This is some supporting information for the petition. See the Blog pages for much more data and facts exposing the failings of WSDOT on this project.
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In short, this petition states:
Please pass legislation to stop tolling on I-405 between Bellevue and Lynnwood, restore the lanes to 2-person carpool lanes during the day and open to all at night and remove the double-lines for open access.
Supporting background information:
Note: while this petition specifically addresses I-405 tolls, Express Toll Lanes are going to replace carpool lanes on I-90 from Seattle to Issaquah, I-5 as far north as there is a carpool lane, and the rest of I-405 as well if we do not block them now.
When it comes to carpooling on the Eastside of the Greater Seattle area, we are victims of our own success. We were encouraged to carpool and we eagerly received the idea. In fact, over the years the carpool program has become so successful on the Eastside in King County, WA that the single carpool lane was overwhelmed at times. Something had to be done. WSDOT made a good move by adding an additional HOV lane. Such a step, by itself, would have been a great expansion of an already successful program. However, at the same time, 3 changes were made that had a dramatic negative impact:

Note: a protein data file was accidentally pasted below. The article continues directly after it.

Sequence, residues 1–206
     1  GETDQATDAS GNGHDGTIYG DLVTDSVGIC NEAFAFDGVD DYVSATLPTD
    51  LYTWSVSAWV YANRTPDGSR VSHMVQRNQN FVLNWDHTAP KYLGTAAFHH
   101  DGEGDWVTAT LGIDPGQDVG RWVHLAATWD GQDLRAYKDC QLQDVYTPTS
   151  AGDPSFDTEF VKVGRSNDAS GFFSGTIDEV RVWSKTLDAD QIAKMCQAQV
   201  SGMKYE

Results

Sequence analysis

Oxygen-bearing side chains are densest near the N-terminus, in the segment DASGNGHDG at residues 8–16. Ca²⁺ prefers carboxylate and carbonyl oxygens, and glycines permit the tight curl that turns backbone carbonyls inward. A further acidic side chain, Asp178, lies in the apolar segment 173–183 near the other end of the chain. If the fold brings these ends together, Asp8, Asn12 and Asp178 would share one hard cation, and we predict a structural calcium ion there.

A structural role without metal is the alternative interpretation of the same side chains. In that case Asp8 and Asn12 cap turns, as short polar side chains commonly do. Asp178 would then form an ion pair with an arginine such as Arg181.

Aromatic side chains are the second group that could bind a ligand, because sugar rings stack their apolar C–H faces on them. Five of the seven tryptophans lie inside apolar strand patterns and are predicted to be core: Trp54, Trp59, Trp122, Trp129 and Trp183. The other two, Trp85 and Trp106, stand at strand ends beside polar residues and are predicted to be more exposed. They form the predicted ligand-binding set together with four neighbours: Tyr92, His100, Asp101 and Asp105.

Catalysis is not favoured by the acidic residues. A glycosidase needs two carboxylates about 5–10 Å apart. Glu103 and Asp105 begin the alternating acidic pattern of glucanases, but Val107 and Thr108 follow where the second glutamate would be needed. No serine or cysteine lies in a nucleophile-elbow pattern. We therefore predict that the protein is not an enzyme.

1. The HOV lanes were eliminated and replaced with Express Toll Lanes (ETL).
2. Access points between the ETL and the general purpose lanes were reduced from unlimited open access to access points only every 3 to 5 miles.
3. Even with the required carpool, “free” usage of these lanes requires the purchase of a FlexPass for $15 and open an account with an initial balance of $20.
WSDOT has created a Rube Goldberg solution to a simple problem.
These changes are a radical shift from the very successful carpool lanes used throughout the Puget Sound and across the country. Some of the problems these changes are creating include: